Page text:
Mark Alyn: And at the same time, the value of gold will go up.
Vince Miller: Well, you know, theoretically gold goes up when the dollar goes down.
Mark Alyn: So, Will, what’s your take on this?
Will Hart: Okay, I actually have to disagree with both Vince and Steve Forbes. I think that the government is maybe putting it out there that we’re going to slow down on Quantitative Easing or maybe even, in fact, stop it. I don’t think they’re going to stop it. I don’t think they can. I think this is a runaway train, and it sound convenient to say “Oh, we’re going to stop.” I think they’ve dug this hole so deep that they’re literally going to have to bankrupt the dollar. I think they’re just going to continue this. They’re going to continue this, and to the point where they realize okay, the straw is now going to break and we’re going to have to come up with something new.
Mark Alyn: I know that we’ve talked about this in past shows. Give me a quick overview of what Quantitative Easing is for somebody just tuning in.
Will Hart: Sure. Basically Quantitative Easing, the easiest way to explain is the printing of additional funds to make up with what we don’t have. So, the government, as an example, brings in tax money to run the country. Well, the problem is we’ve been shy. In other words, there’s not enough money coming in to pay the bills, so we’ve got a convenient printing press in the backyard that they’re making up the difference by printing that money. And in essence, that’s where the term Quantitative Easing comes from. The problem is the more we print the more we owe on that money as far as interest and so forth. That’s why we’re sitting with almost an $18 trillion debt. So, what are we supposed to do? Well, the government brings in more money from taxes. Oh, we have that much less, we owe that much more on the interest, and that whole cycle continues.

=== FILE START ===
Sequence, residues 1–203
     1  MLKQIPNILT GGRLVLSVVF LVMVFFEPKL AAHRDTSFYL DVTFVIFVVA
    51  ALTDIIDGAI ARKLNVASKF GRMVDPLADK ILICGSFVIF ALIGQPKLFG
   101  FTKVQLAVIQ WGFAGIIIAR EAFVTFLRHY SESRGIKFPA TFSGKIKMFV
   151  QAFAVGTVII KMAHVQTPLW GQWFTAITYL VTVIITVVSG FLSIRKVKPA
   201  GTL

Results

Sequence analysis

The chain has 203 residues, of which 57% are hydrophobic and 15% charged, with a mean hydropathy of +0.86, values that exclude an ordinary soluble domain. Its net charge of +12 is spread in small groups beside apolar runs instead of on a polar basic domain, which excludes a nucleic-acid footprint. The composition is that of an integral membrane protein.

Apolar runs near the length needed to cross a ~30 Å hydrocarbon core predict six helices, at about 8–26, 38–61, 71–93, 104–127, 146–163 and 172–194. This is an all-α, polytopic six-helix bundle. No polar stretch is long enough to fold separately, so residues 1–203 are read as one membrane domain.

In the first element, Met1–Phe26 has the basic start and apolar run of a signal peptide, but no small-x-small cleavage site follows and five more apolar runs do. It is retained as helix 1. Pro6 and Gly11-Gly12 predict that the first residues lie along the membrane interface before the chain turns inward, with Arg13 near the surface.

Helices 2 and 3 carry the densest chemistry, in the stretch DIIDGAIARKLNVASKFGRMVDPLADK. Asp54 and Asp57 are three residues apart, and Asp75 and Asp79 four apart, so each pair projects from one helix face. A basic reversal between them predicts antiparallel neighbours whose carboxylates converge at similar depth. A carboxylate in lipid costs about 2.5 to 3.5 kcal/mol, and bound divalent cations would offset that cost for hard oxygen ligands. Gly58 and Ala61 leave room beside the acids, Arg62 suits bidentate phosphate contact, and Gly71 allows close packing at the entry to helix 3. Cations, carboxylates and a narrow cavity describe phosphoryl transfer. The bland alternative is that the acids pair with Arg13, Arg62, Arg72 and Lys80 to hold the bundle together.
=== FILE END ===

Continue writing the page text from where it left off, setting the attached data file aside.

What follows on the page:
So, it’s hard for me to understand markets. Some point where the market goes: “Okay, we’re going to stop.” Well, wait a minute: We already know we don’t have enough money to run the country, so I’m kind of confused. How are we going to shut that down? It’s like if you lived on your credit card and every time you pulled money out of your credit card to pay your bills, well, that amount that you owe on the credit card keeps climbing, but once you max that out, you have to ask the bank: “Oh, can you please do me a favor? Raise that limit.” Well, here, they used to ask. The government used to have to ask and raise the debt ceiling. They’ve eliminated that now.
Mark Alyn: They won’t do it.
Will Hart: Now they can just do it as much as they want.
Mark Alyn: They don’t have to ask.
Will Hart: They just do whatever they want.
Mark Alyn: Whatever they want. Got you.
Vince Miller: Mark, I just have to just correct Will’s misunderstanding of the facts here in the sense that it is just impossible that the Federal Reserve can keep Quantitative Easing going on forever because the false inflation of the Dow Industrial Average, this false liquidity that’s happening in the stock market cannot continue. And as we said before, I don’t think the Federal Reserve could continue to prop up our economy with this false sense of security. I think, at some point, the Federal Reserve does have to pull back. I’m not saying it’s going to be pretty. I’m not saying it’s going to be good, but ultimately, if we are ever going to have a full recovery, I think we need to have a full balancing out, and I think it’s going to get really ugly before it gets good again, and this could take a long time.